People get paid a lot of money to be experts on things, so one would assume they're much more knowledgeable than the average Joe or, at the very least, a blindfolded monkey throwing darts.
Sadly, in many cases this just isn't true, and the so called "expertise" in question amounts to little more than a shot in the goddamn dark. Here are a few cases of experts that probably shouldn't inspire as much confidence as they do.
Many of us find the stock market too intimidating to put money into, or at least we would if we had the money to invest in the first place. How do you decide what stocks to pick? We can't even pick where to go for lunch half the time and we understand lunch.
That's when you call in a professional, or if you're not rich, you buy a pre-set package of stocks and bonds that a professional has pre-picked for you, and then sit back and, uh...
Yes, as it turns out, the majority of professionally managed funds picked by stock market experts (70 to 85 percent) actually underperform the Dow or S&P indexes, which are technically supposed to represent the average performance of the market to begin with.
Results not typical.
If you do have to peddle your nest egg off to someone else, try to hand it to Warren Buffet, whose Berkshire Hathaway stocks have outperformed the index by 11.14 percent on average for over 30 years. So it's not like financial advisors can't know what to pick. They usually just don't.
But hey, there is some good news: When going up against a bunch of dudes throwing darts at a chart to randomly pick their stocks, the stock professionals performed better.
One thing we all can be sure about is that people that make their living writing about wine must be able to sniff out differences between wines much better than us plain ordinary folk.
Sure, Joe Consumer actually likes cheaper wines better, but that's because Joe Consumer is a stupid Philistine. The experts can tell the difference between a 2006 and 2007 Stag's Leap Cabernet Sauvignon in their sleep because everyone knows 2006 was a pedestrian year for Napa Valley reds.
Only civilians couldn't.
Hell, they are so good they can tell the difference between two bottles of the same wine. In one experiment, wine experts were given two bottles of the same wine, only one was labeled a "vin de table" (France's version of "Night Train") and one was labeled a "grand cru" (top-rated vineyard since 1855). Want to guess what happened?
According to the article: "Whereas the tasters found the wine from the first bottle 'simple,' 'unbalanced,' and 'weak,' they found the wine from the second 'complex,' 'balanced,' and 'full.'" Not only were their tasting skills put to shame, it didn't even occur to them that nobody buys a $40-plus bottle of wine for a university experiment.
"...this tastes like vodka and grape soda."
Not only can professional wine tasters be convinced that the same bottle of wine was both award-winning and hobo juice, but they could even be convinced that the same bottle was both red and white with the cunning use of food coloring.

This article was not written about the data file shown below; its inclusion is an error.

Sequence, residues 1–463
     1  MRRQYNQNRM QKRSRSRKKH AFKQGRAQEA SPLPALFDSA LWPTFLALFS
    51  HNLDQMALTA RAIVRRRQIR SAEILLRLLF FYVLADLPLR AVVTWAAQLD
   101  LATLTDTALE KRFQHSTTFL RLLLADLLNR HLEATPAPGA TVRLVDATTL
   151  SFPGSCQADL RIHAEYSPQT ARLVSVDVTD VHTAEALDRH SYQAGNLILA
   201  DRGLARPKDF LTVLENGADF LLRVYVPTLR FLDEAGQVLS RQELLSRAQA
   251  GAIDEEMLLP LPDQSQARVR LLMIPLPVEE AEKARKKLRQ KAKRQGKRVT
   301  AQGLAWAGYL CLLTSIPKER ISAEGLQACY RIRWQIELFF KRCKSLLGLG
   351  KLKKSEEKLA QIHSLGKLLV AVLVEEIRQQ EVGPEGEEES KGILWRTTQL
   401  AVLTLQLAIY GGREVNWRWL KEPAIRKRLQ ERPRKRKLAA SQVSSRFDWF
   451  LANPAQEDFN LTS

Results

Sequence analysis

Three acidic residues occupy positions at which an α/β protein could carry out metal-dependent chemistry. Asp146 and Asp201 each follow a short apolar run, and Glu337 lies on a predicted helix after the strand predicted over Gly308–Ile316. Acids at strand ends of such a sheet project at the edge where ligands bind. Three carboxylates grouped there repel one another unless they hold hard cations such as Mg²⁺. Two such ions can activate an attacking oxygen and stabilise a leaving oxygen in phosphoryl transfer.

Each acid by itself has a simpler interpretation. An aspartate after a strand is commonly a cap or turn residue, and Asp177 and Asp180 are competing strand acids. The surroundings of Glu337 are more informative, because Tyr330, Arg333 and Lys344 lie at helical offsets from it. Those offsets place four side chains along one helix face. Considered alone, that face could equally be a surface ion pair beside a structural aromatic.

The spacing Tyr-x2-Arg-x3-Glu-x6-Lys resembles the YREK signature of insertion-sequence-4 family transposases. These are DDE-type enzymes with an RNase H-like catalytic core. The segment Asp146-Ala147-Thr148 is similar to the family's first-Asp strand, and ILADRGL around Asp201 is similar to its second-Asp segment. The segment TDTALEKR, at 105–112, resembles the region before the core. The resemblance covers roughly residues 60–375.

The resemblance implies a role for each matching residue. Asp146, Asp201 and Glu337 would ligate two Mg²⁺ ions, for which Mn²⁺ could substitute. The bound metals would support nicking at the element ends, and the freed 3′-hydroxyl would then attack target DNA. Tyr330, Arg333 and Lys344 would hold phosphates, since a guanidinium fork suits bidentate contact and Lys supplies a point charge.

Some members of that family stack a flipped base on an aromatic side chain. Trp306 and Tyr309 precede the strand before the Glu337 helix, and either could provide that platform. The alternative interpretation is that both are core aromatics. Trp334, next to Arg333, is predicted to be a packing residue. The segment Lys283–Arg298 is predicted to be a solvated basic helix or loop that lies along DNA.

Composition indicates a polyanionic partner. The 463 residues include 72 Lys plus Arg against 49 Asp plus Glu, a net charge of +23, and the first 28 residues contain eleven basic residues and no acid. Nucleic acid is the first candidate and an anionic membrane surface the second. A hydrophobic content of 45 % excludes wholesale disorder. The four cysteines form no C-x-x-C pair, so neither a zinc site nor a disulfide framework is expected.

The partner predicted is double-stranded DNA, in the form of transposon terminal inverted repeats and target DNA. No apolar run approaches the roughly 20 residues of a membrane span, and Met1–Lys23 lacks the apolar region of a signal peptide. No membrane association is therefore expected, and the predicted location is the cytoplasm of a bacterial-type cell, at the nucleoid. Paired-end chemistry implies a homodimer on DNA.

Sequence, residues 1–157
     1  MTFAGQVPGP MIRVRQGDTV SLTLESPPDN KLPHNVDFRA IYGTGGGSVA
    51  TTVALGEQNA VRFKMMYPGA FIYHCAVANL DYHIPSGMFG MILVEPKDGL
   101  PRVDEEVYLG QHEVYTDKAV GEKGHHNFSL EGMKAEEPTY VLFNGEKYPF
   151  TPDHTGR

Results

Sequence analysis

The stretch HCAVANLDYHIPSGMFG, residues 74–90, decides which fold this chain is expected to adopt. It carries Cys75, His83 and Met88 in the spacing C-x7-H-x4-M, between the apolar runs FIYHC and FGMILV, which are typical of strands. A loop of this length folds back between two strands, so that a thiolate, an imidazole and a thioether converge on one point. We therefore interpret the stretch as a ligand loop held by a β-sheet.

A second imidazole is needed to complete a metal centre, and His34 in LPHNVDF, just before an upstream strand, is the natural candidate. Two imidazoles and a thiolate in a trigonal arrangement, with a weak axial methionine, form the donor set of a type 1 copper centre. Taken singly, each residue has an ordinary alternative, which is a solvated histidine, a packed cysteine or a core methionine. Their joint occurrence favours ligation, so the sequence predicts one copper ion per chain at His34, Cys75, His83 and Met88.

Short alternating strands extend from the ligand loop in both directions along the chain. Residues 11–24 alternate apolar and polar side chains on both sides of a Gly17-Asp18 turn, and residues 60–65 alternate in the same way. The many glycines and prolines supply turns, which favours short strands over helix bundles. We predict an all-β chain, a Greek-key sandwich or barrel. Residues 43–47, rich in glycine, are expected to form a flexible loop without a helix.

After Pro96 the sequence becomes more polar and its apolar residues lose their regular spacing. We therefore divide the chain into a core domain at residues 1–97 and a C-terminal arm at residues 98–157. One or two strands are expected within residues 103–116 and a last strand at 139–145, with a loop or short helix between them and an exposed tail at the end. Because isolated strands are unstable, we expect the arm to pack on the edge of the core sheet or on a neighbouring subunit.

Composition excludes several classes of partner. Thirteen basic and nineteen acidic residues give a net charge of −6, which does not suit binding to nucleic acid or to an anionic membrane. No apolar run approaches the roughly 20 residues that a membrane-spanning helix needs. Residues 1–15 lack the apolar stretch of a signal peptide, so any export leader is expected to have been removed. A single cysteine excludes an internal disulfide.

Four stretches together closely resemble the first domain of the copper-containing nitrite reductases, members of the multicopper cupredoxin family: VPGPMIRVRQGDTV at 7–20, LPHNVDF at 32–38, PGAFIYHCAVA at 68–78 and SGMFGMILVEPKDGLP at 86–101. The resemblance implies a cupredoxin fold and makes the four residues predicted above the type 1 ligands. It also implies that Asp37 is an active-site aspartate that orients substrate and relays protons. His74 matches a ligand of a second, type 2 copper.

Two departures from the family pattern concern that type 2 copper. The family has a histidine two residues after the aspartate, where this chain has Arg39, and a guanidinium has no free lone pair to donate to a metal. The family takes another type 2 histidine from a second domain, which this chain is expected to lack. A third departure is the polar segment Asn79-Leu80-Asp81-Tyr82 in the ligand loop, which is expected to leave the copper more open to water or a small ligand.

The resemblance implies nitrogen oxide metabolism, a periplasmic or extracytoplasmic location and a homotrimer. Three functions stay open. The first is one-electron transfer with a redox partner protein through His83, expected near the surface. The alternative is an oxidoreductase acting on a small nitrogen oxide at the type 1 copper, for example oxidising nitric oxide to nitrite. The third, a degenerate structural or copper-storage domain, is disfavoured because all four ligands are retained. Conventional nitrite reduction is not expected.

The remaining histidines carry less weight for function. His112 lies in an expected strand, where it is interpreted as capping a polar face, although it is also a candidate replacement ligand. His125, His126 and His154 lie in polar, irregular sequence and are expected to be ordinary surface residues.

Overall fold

That's not to say the whole idea of wine tasting is a crock- it just seems like a field where judging with one's eyes is a temptation too easy to fall into. For example, in the 1976 Judgment of Paris, French experts picked American wines as superior to their own, recoiling in horror when they found out.
Despite being the battle cry of the bad artist, it's really true that art is subjective. So we don't expect art critics to be able to tell us which art is the "best." We do expect them to at least be able to tell the difference between a Van Gogh and a Picasso, or a Vermeer and a Gary Larson.
The good news is that one of those expectations is correct.
Hans van Meegeren was an ordinary mild-mannered artist in the 1930s, who painted unimpressive portraits until one day an art critic called him "unoriginal." Determined to deliver the most ferocious professional scrotum kick in history, Meegeren hatched a daring plan to paint a completely new painting in the style of the artist Vermeer, let all the critics fawn over the newly discovered Vermeer, and then show them all for fools when he revealed he had painted it.
Sure enough, his knock-off was hailed by critics as a Vermeer masterpiece, bought for the modern equivalent of $6-million and featured as the centerpiece of a prestigious gallery exhibition. Van Meegeren, realizing he liked money, ditched the plan to reveal himself and began painting more Vermeers. After the war, he was arrested for selling "stolen" Vermeers to the Nazis.
Because even Nazis have standards.
Then in 1964, Swedish art critics were fooled into praising the works of Pierre Brassau with descriptions like "Brassau paints with powerful strokes, but also with clear determination. His brush strokes twist with furious fastidiousness. Pierre is an artist who performs with the delicacy of a ballet dancer."
Brassau's methods? He "preferred eating the paint to placing it on a canvas." Because Brassau was a fucking chimpanzee.